The aim of this project is to give a better understanding of CAATs; this is further supported by practical illustrations and examples of CAATs. To start any audit, understanding and knowledge of the business should be gained during the planning stage. This knowledge of the business helps in analyzing the internal control systems, and then it is decided whether or not to rely on the internal control system. It is later decided upon the nature of the client and its system to use CAATs. The advantages of CAATs clearly outweigh its disadvantages and this technique clearly has an upper hand when it comes to processing large amounts of data. The other issue in this paper is the concern of using this technique after having proper analysis of the business being audited. Finally, the paper is concluded by pointing out that its benefits clearly outweigh its risk, how to plan for using the CAATs and recommended training of an IT audit specialist.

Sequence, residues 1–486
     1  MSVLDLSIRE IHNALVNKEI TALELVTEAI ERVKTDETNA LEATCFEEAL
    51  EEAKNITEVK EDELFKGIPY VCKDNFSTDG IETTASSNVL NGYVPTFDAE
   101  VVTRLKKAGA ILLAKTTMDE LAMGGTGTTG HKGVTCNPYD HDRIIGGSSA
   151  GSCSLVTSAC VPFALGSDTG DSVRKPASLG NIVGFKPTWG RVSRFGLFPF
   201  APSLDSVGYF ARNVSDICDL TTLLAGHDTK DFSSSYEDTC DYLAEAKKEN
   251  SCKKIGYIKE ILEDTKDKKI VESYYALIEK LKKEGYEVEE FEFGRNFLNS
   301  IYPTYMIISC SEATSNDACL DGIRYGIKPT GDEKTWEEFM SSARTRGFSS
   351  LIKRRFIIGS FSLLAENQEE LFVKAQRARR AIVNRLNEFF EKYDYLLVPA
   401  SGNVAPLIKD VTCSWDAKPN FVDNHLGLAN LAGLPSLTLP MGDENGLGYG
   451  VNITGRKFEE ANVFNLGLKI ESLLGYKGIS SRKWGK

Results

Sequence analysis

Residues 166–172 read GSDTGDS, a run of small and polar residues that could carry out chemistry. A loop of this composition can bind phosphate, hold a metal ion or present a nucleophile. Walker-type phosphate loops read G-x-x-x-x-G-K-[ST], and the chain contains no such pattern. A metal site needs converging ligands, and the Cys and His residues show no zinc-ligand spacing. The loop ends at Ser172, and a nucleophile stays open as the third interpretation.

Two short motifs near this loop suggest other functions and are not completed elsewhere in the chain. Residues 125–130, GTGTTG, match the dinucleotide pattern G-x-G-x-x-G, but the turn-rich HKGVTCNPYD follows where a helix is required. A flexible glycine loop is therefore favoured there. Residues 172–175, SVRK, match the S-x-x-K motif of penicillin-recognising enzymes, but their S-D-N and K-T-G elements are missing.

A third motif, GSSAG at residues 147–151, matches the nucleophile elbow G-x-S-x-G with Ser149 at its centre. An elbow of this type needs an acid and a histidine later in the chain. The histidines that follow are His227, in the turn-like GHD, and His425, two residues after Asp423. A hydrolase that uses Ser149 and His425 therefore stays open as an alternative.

Auditing is the process by which something is examined with a view to form an opinion. This allows users of that opinion to gain assurance that the opinion, process, or the information gathered can be trusted. The purpose of assurance services is to increase the confidence and reduce the risk of the user of those services. The main objective of auditing is to ensure that financial statements are free from material misstatement and are presented fairly by the management. An auditor carries out two types of assurance engagements, with one being the reasonable assurance engagement and the other being the limited assurance engagement. When giving out a reasonable assurance engagement, the auditor gathers sufficient and appropriate evidence to support the conclusion, as well as making it stronger. On the other hand, a limited assurance engagement gives out a negative assurance report and the evidence gathered in an assurance engagement is only related to the specific subject matter that is being audited